Fifteen years ago openly gay people in Tennessee had to look out of state for adoption services. That all began to change in 2002, thanks to the courage of one agency, Jewish Family Services of Nashville and Middle Tennessee (JFS), when they received a phone call from a man trying to adopt as an openly gay person.

JFS Executive Director Pam Kelner explained that, after two years of struggling with other agencies, “He and one of our adoption caseworkers, Teri Sogol, met, talked, and she had the home study completed and this man approved to adopt within two months…” The agency worried it might not find a child to place with him, but Teri had a prospective birthmother and risked posing “a question she had never asked before:  Would you consider a gay man?” The prospective mother reportedly said, “My only concern would be that he will spoil the child. I have relatives who are gay, and they spoil all the children in the family!”

This was just the beginning for JFS. “In 2005,” Kelner recalled, “Judge Marietta Shipley called us to ask if we would do the first home study in Tennessee for second parent adoption.” Second parent adoption allows same-sex couples to adopt their partner's biological or adopted children without terminating the first parent's parental right. It protects both parents by giving both of them legally recognized parental status. “Without hesitation we said ‘Yes!’ She had called every agency in Nashville and again, we were the only agency to say yes.”

Since then, JFS has overseen thirty-five LGBT first adoptions. Additionally, their home studies for second parent adoption have provided security and stability to eighty-seven children who, in the event something happens to their biological or originally adopting parent, will still have a legal relationship with the only other parent they have ever known.

For Kelner, what’s even more important than these impressive numbers is the care JFS provides its clients: “It is not the quantitative that makes me proud.  It is the qualitative…. Our clients speak of the way we treat members of the LGBT community—with dignity, respect, and openness, as potential parents like all others, wanting to create loving families with a partner or as single people.”

The organization has enthusiastically advocated for gay marriage rights at the state level as well. “In 2005, Teri testified as an adoption professional before the Children and Family Affairs Committee of the State House of Representatives against the dangerous bill to ban gay adoption in Tennessee,” Kelner said. “In 2010, I expressed to multiple state legislators JFS’s strong opposition to another potential bill to ban gay adoption in Tennessee.  And if this bill should rear its ugly head again, we will be there again to help defeat it.”

Very few of JFS’s LGBT clients are Jewish. JFS Board Member Stan Schklar said, “JFS supports LGBT adoption rights because Jews remember what it was like to face that kind of discrimination. There was a time when no one would help Jews adopt without a pledge to raise the child in a particular non-Jewish faith. So we stand against this discrimination too.”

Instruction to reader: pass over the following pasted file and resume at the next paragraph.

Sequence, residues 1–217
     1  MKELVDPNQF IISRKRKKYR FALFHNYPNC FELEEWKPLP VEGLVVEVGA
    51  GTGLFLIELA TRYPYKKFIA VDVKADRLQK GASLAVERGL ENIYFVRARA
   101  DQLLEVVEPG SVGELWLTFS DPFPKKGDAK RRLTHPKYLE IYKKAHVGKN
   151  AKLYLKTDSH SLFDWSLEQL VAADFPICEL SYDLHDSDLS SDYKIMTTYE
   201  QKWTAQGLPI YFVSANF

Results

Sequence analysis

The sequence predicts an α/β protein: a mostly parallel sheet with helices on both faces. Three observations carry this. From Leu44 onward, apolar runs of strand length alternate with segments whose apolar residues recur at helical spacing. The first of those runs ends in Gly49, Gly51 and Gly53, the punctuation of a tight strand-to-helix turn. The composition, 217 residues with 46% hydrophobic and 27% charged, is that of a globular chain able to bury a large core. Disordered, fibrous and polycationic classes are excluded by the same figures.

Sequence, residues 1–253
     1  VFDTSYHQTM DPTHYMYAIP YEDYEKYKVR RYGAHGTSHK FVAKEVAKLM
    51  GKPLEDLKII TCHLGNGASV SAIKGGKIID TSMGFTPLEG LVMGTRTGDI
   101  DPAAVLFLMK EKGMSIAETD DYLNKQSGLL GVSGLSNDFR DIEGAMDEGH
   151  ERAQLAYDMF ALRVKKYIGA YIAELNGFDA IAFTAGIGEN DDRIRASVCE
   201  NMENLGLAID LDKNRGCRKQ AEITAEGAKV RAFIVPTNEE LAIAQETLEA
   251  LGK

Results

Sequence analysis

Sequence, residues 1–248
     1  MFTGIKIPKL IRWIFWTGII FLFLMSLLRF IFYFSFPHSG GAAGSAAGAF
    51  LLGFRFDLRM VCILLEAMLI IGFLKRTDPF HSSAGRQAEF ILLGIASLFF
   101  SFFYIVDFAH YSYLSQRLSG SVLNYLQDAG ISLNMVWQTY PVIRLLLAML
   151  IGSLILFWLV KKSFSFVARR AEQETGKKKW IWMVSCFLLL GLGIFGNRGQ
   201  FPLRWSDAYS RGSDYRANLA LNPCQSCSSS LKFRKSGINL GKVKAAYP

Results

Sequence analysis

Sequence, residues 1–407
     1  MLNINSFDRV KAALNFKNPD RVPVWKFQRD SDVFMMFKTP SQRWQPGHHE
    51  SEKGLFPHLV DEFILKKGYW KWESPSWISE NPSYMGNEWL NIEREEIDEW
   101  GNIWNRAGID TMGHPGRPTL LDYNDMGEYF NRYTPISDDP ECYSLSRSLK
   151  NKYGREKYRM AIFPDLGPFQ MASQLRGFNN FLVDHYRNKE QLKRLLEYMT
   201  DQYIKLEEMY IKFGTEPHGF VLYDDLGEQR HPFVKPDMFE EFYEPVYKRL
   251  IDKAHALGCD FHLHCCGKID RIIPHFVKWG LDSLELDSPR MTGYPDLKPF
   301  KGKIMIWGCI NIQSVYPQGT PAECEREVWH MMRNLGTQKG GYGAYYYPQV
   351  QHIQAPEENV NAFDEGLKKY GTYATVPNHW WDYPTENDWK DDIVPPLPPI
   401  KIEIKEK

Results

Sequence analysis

While JFS is no longer the only agency in Middle Tennessee to handle LGBT adoption, they still do the vast majority, and LGBT adoption accounts for over half of all of JFS’s adoptions. Until recently, JFS bore the full cost of providing this service to LGBT couples, but funding cuts have led them to reach out to the LGBT community for support. This year, JFS will again be hosting a large house-party fundraiser to increase awareness of their services and their need for support among the LGBT community.

 

Praise from those who've received support from JFS:

I cannot say enough about JFS. They helped us become a family. We weren't sure where to go first and when we called, we were immediately put at ease. We had found the right place. As we began our overwhelming journey toward parenthood, we were supported along the way by JFS. When we adopted our son, it changed our lives. He is a dream come true in so many ways. Almost four years later, Teri is still a part of our lives as a resource and a support. Thank you for helping us become a family.

S.E. and D.K.

 

Our treatment by JFS not only helped us to cross the technical hurdles that were necessary for us to become legal co parents, but also gave us hope for a world that might recognize us as parents rather than gay parents.

Brad Bullock

 

JFS helped make my dream of becoming a parent a reality. From beginning to end, they provided skillful and compassionate guidance through the long and emotional adoption journey. I have referred many other families to them, and I remain forever grateful and blessed for the work they do in the LGBT community.

Maria Salas

 

 

 

For more information about JFS’s adoption program and how you can help, visit http://jfsnashville.org/services/adoption-journeys/

This article has been republished from Out & About Nashville, and was part of a series of first-person pieces written by the late Bobbi Williams.

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